Antichamber Review


This just wrinkled my brain.

Have you ever had the sort of dream where, on some level, you’re aware that you’re dreaming? Antichamber gave me that same feeling of being in control, while at the same time having no command over my surroundings. Like a dream, the world in Antichamber has its own rules, not bound by the constraints of reality. It’s a wholly unique experience, and one that many gamers will likely enjoy.

Antichamber is played in first person perspective, using standard keyboard and mouse controls (no controller support). You begin the game in a room that serves as a sort of hub, facing a wall that displays your controls and some minimal configuration options. From here, you proceed into the world, a maze of interlocking white corridors that will challenge both your puzzle solving skills and your ability to think in different ways.

The game’s most distinguishing feature is what it lacks. The physical laws that govern our world are absent in Antichamber, allowing for construction and environments that could not exist elsewhere. You may walk down a hallway, only to turn around and find a blank wall in place of your original path. You may go up a floor, and find that you are now right next to the room in which you started. Looking through a window will give you a glimpse into another room, but it may also change the one in which you are currently standing.

The realization that my senses and knowledge could not be trusted in this place was genuinely unsettling, and the way it pushed the limits of my comfort zone is one of the game’s biggest achievements. Just as impressive, it manages to create this feeling even with no real consequence for failure. There is no death in Antichamber; falls do nothing, and as you proceed, progress populates a map in the main room, so you can jump to any area you’ve already been to should you get lost.

As you progress through the game, you will find different guns used to solve the game’s puzzles. Each one allows manipulation of blocks in a different way. The first offers the ability to move blocks, while subsequent guns expand on that skill. The mechanics are well executed, and each gun significantly changes the gameplay and what you are able to accomplish. New tools led to some great moments where the light bulb went on and I realized how to solve an earlier puzzle.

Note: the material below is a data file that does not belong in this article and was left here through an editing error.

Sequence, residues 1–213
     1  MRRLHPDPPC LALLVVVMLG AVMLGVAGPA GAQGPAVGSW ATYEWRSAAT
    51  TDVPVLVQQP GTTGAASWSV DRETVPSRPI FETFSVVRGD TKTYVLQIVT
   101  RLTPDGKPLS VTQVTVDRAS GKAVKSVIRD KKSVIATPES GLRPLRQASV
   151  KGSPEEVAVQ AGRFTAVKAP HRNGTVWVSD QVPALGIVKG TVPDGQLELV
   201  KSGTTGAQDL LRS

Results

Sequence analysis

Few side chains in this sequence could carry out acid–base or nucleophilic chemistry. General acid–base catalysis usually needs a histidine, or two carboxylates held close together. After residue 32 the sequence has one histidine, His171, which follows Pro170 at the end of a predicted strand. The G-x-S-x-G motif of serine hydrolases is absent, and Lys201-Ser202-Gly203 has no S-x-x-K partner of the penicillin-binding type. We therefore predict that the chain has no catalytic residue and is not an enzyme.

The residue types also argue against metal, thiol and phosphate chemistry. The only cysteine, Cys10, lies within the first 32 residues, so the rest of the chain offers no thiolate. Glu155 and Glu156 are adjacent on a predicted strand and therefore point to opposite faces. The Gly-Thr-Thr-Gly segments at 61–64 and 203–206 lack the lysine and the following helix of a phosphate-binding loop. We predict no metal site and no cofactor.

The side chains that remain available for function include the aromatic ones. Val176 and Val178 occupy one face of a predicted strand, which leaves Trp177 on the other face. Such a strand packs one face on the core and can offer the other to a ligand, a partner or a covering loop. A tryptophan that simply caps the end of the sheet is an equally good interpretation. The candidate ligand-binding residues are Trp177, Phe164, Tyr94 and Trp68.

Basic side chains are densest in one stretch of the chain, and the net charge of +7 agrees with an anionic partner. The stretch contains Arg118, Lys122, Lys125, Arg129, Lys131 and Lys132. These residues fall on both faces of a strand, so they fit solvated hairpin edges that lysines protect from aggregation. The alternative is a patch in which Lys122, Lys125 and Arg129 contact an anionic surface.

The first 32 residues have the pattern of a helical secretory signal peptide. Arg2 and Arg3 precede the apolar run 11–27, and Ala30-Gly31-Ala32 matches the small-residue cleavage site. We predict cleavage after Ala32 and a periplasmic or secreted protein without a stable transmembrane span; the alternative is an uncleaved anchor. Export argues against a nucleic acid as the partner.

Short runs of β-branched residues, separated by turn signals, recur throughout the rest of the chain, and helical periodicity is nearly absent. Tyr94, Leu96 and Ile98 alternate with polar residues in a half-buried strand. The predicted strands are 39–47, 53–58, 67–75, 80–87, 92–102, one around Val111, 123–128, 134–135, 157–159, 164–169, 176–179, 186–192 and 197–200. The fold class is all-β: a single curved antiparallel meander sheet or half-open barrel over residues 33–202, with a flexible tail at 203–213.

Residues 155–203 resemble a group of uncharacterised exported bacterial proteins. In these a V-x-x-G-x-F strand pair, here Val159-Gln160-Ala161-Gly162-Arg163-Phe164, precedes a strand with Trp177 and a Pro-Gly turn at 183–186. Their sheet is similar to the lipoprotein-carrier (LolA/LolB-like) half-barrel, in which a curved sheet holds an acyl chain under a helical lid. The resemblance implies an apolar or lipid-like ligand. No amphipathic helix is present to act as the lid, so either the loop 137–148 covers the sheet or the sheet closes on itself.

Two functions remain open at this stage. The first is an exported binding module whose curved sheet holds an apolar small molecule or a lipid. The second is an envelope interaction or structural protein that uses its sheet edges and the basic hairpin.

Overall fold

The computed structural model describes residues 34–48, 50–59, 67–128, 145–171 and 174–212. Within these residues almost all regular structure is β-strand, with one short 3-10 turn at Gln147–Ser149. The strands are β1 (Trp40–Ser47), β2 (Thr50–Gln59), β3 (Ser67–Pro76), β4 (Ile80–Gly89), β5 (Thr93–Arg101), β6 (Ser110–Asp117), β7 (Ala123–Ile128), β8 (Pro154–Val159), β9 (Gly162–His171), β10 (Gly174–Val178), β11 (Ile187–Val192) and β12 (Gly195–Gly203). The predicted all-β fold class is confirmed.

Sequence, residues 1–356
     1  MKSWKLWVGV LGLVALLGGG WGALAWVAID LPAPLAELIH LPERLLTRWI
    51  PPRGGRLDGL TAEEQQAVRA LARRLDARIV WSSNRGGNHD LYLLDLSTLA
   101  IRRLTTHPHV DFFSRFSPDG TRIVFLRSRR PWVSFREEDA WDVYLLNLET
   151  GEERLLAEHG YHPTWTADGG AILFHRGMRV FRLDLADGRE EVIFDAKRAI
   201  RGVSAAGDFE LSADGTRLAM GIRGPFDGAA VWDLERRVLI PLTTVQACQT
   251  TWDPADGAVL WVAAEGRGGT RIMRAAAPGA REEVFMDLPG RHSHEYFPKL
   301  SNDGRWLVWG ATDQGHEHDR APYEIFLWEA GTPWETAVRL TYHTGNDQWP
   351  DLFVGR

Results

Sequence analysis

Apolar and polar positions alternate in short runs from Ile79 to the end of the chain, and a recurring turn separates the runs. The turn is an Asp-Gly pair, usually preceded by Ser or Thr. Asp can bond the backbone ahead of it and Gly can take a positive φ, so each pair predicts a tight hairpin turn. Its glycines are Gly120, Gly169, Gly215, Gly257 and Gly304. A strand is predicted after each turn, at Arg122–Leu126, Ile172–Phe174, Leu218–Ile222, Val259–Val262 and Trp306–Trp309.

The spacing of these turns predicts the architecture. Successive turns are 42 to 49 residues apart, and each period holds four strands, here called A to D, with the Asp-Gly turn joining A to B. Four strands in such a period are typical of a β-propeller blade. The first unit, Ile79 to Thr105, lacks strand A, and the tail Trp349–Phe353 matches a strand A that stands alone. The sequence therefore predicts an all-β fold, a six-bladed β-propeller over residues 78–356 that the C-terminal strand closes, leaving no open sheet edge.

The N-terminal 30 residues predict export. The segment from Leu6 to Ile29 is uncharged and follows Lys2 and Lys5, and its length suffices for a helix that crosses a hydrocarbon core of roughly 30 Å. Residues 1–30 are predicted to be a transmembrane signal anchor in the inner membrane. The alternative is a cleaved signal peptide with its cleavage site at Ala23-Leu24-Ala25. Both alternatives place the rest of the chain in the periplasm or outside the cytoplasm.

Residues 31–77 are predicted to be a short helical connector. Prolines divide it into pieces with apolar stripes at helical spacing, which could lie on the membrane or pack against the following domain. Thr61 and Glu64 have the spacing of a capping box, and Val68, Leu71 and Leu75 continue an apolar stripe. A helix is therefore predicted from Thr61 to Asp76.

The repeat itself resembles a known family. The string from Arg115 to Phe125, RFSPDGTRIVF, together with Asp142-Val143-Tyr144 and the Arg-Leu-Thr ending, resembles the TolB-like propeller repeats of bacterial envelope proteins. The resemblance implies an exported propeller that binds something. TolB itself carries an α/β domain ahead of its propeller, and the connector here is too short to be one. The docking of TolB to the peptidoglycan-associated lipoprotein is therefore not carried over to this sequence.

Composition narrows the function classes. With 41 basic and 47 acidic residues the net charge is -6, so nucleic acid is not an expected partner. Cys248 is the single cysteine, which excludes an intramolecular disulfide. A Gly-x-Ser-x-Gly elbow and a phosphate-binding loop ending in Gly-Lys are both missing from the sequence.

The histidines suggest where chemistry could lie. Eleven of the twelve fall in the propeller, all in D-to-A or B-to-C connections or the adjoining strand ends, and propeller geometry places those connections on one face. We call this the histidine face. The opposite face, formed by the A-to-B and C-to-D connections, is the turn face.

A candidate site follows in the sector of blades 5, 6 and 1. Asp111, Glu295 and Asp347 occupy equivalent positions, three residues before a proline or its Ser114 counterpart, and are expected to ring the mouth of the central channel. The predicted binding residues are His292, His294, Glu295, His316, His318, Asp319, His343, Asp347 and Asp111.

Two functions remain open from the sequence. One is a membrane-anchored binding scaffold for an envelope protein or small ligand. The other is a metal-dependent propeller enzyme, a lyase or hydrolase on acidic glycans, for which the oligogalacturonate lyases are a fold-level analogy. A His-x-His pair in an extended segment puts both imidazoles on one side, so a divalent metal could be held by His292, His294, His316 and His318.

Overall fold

While those moments are great, they also highlight one of the elements that can be frustrating. Due to its extremely non-linear nature, it’s very easy to wind up facing a puzzle that you are not properly equipped to solve. The problem is, at those times you don’t know that the ability you need to solve it exists. One of the keys to Antichamber is realizing that if you think something is impossible it may actually be the case, and your time would be better spent exploring elsewhere.

Yeah, exactly.

The graphics in Antichamber are very minimalist, with most of the game being flat white. It works though, and it really makes the color associated with puzzle areas stand out. As you progress you’ll find images on the walls that when clicked will reveal a short saying that often gives a hint about the area. The sound is very sparse, with really no background music to speak of, but the lack of sound fits in with the solitary, almost lost nature of the game.

The controls work well, and even as someone who has little skill with a keyboard and mouse I was able to get around with no issues. There is rarely any sort of quick movement involved, so being a little slow didn’t really hinder me. Moving blocks is definitely better with a mouse than it would be with a controller. My only issue was with a gameplay element that requires you to click in the mouse wheel, which seemed to only trigger about half of the time. Still, some slight repositioning was usually enough to fix the problem, so it was just a minor annoyance.

Playing Antichamber is a unique and almost trippy experience as you navigate halls that fold into themselves, windows that become doors and paths that disappear and reappear right before your eyes. It was a constant challenge as I not only learned how this new world works, but also let go of my preconceptions about how it should work. If you like a good puzzle or just want to try something new, Antichamber will stretch your mind and twist your perception, and it’s definitely worth checking out.

Review copy of game provided by publisher.

Dave Payerle
Written by
Dave enjoys playing video games almost as much as he enjoys buying video games. What his wife calls an "online shopping addiction" he calls "building a library". When he's not digging through the backlog he's hunting for loot in Diablo or wondering when the next Professor Layton game is coming.

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